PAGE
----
For many years, I drove the E9 anywhere and everywhere, weather permitting. At some point I stumbled into a set of Recaro SE seats that were close enough to the color of the leather that your eye isn’t drawn to the difference. Although the E9 is at heart a touring car, with the suspension, sway bars, and Recaros in it, it responds well to enthusiastic driving. I even tracked the car a couple of times at Lime Rock. That is, until the accelerator stuck at the end of the main straight. Talk about excitement!
The pillar-less design that the E9 inherited from the 2000CS is dramatic; it’s one of the things people react to when they see the car parked with the windows down. However, it comes at a cost. Since there is no B-pillar for the glass to seal against, the door window and rear quarter window have to seal against each other using a thin strip of rubber. Even when the rubber is new and everything is adjusted properly, there’s usually some amount of wind noise and water leakage. In the late 1980s, back before the cars were worth what they are today, I once took the white 3.0CS through a car wash, and my attempts to stem the amount of suds suddenly pouring into the car reminded me of Woody Allen trying to beat back the instant pudding in Sleeper. Even with the wind noise, however, the car is noticeably quieter and more comfortable on long drives than a 2002, which can get a bit buzzy.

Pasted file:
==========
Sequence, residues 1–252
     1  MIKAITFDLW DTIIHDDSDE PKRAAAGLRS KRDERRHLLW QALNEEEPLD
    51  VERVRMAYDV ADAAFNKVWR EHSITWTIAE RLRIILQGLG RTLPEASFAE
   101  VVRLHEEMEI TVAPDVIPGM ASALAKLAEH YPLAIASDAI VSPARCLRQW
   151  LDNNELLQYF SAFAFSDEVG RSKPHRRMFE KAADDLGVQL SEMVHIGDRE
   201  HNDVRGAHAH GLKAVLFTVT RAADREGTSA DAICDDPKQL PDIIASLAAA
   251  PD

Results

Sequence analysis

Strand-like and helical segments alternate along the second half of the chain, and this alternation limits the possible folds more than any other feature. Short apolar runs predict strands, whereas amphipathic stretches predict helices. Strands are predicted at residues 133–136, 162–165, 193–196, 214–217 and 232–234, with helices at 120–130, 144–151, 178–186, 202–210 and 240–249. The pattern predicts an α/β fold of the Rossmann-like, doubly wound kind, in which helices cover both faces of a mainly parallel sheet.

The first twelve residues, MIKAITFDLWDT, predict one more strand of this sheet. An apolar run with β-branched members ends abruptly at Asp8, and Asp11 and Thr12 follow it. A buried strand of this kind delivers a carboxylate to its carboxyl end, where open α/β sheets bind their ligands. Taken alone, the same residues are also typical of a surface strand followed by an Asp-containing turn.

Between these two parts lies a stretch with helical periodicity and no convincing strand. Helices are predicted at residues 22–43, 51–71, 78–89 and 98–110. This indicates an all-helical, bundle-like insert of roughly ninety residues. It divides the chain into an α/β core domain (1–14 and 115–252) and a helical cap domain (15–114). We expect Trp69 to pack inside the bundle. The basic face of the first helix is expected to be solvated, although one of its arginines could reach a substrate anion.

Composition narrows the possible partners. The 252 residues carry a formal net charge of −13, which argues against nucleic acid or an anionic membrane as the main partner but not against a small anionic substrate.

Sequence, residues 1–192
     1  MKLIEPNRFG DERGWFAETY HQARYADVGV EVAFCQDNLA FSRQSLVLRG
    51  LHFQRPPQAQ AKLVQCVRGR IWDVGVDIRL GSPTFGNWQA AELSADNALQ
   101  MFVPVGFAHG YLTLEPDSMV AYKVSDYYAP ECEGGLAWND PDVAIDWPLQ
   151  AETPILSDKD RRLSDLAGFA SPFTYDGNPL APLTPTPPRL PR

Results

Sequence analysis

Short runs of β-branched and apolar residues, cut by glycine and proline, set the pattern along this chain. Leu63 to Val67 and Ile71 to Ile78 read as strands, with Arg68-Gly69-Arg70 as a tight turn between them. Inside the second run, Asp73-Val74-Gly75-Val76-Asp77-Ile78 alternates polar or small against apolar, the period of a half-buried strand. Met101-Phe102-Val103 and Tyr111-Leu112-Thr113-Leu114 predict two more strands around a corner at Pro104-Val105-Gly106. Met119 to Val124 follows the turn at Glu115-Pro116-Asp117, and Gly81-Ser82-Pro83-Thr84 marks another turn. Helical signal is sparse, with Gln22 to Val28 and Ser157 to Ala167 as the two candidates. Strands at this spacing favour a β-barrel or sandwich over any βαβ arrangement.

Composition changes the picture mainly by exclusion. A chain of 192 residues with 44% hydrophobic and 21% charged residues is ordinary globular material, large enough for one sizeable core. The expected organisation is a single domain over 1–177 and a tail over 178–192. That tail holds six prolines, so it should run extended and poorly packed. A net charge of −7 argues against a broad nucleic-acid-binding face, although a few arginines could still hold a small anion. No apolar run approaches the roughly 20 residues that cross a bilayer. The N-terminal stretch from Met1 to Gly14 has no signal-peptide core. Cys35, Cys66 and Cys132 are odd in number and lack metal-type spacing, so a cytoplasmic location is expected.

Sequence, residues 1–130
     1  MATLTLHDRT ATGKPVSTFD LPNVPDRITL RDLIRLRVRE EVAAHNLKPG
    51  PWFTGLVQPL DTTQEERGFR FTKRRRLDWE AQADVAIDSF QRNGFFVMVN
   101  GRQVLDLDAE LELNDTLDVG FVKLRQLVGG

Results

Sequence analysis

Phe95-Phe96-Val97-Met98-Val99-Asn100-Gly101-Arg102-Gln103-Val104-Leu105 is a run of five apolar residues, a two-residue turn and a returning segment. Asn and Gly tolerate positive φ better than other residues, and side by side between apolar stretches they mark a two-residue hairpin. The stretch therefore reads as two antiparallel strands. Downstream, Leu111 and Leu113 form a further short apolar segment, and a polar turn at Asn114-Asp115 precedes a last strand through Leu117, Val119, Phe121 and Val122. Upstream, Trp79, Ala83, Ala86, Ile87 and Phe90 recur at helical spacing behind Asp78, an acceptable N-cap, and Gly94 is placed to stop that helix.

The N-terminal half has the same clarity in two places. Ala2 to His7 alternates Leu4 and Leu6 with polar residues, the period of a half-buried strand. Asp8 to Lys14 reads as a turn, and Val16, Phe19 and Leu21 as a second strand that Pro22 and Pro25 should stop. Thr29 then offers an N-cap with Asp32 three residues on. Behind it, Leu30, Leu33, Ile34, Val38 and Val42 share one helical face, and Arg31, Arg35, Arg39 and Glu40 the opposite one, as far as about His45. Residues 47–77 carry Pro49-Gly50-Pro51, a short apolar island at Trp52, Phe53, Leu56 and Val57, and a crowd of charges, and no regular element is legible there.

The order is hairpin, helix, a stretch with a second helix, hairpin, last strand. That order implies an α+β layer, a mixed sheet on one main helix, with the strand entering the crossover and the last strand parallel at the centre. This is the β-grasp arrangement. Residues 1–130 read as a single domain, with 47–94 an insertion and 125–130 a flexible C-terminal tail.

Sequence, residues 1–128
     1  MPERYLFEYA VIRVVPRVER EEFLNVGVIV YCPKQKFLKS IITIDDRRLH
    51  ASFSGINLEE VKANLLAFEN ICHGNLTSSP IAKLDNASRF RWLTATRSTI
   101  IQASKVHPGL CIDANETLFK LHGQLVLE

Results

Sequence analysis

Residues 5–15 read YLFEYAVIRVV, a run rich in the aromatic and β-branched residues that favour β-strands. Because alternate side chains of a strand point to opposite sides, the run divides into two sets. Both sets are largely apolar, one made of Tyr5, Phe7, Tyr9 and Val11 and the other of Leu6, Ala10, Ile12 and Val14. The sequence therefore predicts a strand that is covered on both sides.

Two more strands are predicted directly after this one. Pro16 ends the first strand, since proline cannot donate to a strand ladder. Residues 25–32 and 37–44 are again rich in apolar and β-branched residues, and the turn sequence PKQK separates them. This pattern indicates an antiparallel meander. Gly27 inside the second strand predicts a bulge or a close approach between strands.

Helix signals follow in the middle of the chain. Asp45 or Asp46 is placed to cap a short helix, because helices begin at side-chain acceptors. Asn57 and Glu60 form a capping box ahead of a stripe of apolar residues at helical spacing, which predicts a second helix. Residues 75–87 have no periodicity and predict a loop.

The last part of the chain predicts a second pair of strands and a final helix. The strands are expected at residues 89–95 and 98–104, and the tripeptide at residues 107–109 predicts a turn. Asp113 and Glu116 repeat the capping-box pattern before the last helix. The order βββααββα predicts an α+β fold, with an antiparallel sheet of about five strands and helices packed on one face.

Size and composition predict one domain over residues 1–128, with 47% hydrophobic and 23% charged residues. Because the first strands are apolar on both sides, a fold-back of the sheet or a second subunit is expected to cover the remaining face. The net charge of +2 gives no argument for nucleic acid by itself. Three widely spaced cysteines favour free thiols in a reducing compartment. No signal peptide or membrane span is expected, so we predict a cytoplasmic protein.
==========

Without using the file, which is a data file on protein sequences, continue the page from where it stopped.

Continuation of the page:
When I insured the E9 with Hagerty in 1998 it was, at first, quite an adjustment not being able to use it as my daily driver. Shortly after, I bought a ’82 Porsche 911SC that I owned for a decade, and a few years later a ’99 BMW Z3 M Coupe that I still have. These and other events caused the E9 to be lightly used for about 12 years.
Then, in 2010, I began driving the E9 long distances to vintage BMW events, and it totally renewed my relationship with the car. The air conditioning retrofit and Recaro seat installation suddenly seemed like acts of sheer genius.
But even more than the Recaros and the cold air, I enjoyed the reaction the car got at shows. Because it had been painted in a base coat / clear coat finish and wet-sanded between coats, and because it’s been well cared-for, when the sun hits it, it absolutely pops. The first time I showed it, I began to tell the story of how the car was originally Polaris, how I had it painted red because I was a kid who didn’t know what I know now how color-changing a car can affect its value, and how I’ve second-guessed the decision ever since. But the amazing thing is that, since I’ve been telling this story, not a single person has ever said, “Yeah, you blew it with the color change; you destroyed the value of the car.” All that anyone ever says is, “Wow… it looks just gorgeous in this color.” I feel vindicated for a rash youthful decision I made 30 years ago. My left brain says, “There were a lot of Polaris / navy CSis brought over though the gray market, whereas red (Verona) and tan leather is a rare combination.” But my right brain simply loves the red and tan.